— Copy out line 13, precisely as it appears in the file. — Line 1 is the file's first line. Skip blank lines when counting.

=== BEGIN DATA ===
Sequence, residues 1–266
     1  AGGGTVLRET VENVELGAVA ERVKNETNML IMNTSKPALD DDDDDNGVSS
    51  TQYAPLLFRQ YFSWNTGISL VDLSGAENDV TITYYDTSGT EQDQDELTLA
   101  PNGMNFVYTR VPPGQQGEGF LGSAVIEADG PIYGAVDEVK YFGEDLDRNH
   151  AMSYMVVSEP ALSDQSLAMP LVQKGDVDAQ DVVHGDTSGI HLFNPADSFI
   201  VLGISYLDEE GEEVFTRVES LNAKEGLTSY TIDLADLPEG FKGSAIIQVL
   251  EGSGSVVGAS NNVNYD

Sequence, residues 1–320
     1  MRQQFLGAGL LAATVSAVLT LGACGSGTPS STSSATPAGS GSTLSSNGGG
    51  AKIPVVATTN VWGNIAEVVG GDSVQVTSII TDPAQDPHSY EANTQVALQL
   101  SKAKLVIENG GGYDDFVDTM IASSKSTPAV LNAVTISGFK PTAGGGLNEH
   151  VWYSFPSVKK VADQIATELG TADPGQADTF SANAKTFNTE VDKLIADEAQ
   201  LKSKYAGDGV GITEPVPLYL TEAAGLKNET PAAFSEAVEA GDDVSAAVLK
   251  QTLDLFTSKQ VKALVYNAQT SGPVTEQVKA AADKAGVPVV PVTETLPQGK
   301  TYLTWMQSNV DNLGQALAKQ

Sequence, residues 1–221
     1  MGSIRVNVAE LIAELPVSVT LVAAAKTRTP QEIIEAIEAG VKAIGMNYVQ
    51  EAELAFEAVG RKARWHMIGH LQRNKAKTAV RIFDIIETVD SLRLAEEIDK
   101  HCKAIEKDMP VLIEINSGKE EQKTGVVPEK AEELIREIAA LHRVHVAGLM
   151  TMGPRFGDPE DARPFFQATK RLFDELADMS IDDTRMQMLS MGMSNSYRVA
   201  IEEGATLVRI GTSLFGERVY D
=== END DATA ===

   201  LKSKYAGDGV GITEPVPLYL TEAAGLKNET PAAFSEAVEA GDDVSAAVLK